Fall 2022 - ECON 102 D100
The World Economy (3)
Class Number: 4046
Delivery Method: In Person
An overview of the broad economic trends in the development of the world economy over the last five decades with reference to the major debates related to economic interdependence, development and growth, globalization, and the role of the major multilateral economic institutions (IMF, World Bank, OCED, ILO, UN). (lecture/tutorial) Breadth-Social Sciences.
This breadth course covers topic 1 and either topic 2 or 3:
- Globalization: The invention of the steam engine and computers had large impacts on globalization. Tomorrow the same is likely to be true with artificial intelligence. Understanding the different phases of globalization provides insights about why some countries became rich and others became poor, how information technology fundamentally changed globalization and why today globalization faces both threats and opportunities.
- The future of work: today there are plenty of opportunities for jobs despite technological threats that have predicted to eliminate the role of workers in many activities. We’ll review how technology has been shaping jobs and the labor force in the recent past and how artificial intelligence is likely to shape work in the future.
- Environmental adjustments and economic activities: There is an acceleration of environmental commitments both public and private. Most recognize the necessity of moving away from a carbon economy but many fear for their jobs while others see growth and opportunities. This part reviews the economic issues associated with environmental adjustments.
This course provides a simple introduction to two big issues that are shaping the world economy and, along with it, to basic economic concepts that are useful to understand them. This course is useful and relevant to all SFU students looking for a deeper understanding of the world economy.
There will be at least one midterm, a final exam and in-class participation and questions. The precise grading scheme will be announced during the first week of classes.
There is no required textbook for this course and no weekly tutorial. The relevant material will be in the form of online readings, podcasts and videos.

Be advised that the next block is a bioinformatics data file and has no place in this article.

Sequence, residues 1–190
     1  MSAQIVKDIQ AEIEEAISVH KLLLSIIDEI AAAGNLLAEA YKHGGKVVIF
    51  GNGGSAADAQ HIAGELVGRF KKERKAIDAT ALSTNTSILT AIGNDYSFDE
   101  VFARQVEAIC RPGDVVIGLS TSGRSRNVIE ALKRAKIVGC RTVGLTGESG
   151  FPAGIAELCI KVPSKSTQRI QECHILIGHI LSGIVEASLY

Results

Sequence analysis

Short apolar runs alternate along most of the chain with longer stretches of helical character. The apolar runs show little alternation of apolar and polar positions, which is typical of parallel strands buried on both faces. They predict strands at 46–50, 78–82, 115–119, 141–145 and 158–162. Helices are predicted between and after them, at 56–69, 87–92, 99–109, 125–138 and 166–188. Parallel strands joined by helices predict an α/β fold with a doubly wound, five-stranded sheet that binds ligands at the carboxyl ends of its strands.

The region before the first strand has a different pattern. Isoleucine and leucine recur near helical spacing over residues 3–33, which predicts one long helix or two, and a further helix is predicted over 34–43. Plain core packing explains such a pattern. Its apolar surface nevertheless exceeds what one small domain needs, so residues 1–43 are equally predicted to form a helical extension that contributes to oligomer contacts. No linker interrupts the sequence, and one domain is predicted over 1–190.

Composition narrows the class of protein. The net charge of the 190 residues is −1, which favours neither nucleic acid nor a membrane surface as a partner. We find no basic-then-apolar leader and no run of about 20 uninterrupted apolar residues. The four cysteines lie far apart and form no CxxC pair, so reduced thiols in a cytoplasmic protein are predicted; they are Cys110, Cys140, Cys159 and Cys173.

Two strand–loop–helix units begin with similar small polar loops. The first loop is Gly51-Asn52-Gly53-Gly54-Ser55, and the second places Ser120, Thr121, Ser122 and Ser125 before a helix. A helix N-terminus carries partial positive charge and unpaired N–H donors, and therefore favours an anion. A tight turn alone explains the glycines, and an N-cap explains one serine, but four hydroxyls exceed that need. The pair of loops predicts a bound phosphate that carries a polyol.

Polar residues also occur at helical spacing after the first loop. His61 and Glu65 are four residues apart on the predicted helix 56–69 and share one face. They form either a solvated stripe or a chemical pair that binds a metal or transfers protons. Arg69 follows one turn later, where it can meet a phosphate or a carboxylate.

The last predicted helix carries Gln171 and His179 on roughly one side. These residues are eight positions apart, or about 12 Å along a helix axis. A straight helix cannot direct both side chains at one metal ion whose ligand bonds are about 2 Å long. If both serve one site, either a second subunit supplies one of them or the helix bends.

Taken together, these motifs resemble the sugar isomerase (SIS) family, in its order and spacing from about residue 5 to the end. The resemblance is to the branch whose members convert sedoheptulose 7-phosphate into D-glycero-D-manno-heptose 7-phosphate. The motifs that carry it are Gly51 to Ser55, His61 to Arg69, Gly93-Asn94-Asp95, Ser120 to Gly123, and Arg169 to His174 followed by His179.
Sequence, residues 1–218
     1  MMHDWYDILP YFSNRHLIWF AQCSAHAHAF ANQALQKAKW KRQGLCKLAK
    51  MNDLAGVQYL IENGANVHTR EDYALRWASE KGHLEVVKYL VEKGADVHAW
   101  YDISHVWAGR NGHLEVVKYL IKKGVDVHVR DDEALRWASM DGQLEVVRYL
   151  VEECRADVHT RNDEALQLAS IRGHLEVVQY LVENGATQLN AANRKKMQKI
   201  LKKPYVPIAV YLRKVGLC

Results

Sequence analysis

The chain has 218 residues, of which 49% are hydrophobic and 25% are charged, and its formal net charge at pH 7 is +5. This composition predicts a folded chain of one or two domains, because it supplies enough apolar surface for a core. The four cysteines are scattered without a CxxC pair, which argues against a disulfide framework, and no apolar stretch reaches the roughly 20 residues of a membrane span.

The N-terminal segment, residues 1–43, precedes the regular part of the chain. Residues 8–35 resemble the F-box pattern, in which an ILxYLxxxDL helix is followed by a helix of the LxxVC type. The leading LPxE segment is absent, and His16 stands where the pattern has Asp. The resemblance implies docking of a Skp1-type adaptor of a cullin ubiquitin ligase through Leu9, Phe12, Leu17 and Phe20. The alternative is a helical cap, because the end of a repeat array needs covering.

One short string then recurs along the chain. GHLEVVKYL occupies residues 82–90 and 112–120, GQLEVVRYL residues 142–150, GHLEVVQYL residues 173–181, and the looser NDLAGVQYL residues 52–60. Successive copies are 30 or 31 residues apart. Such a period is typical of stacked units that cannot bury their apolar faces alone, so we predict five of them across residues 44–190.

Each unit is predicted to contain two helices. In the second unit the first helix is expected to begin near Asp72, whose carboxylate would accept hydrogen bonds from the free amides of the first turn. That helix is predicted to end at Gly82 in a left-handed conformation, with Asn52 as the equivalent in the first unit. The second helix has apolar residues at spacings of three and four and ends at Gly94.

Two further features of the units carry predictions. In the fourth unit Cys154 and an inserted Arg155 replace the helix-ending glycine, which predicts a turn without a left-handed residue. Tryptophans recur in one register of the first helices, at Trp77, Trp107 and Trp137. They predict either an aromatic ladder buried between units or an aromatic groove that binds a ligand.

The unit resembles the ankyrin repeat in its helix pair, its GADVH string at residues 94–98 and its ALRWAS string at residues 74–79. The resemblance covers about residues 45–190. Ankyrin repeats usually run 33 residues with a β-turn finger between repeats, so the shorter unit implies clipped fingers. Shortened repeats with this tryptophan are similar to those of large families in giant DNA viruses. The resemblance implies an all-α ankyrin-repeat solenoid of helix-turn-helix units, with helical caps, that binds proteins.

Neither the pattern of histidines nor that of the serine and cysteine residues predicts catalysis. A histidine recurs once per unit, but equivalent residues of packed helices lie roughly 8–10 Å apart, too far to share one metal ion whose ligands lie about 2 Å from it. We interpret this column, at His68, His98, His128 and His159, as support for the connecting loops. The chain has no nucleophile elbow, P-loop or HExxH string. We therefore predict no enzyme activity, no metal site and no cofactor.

REQUIRED READING NOTES:
Your personalized Course Material list, including digital and physical textbooks, are available through the SFU Bookstore website by simply entering your Computing ID at: shop.sfu.ca/course-materials/my-personalized-course-materials.
Department Undergraduate Notes:
Please note that, as per Policy T20.01, the course requirements (and grading scheme) outlined here are subject to change up until the end of the first week of classes.
Final exam schedules will be released during the second month of classes. If your course has a final exam, please ensure that you are available during the entire final exam period until you receive confirmation of your exam dates.Students requiring accommodations as a result of a disability must contact the Centre for Accessible Learning (CAL) at 778-782-3112 or firstname.lastname@example.org.
***NO TUTORIALS DURING THE FIRST WEEK OF CLASSES***
ACADEMIC INTEGRITY: YOUR WORK, YOUR SUCCESS
SFU’s Academic Integrity website http://www.sfu.ca/students/academicintegrity.html is filled with information on what is meant by academic dishonesty, where you can find resources to help with your studies and the consequences of cheating. Check out the site for more information and videos that help explain the issues in plain English.
Each student is responsible for his or her conduct as it affects the university community. Academic dishonesty, in whatever form, is ultimately destructive of the values of the university. Furthermore, it is unfair and discouraging to the majority of students who pursue their studies honestly. Scholarly integrity is required of all members of the university. http://www.sfu.ca/policies/gazette/student/s10-01.html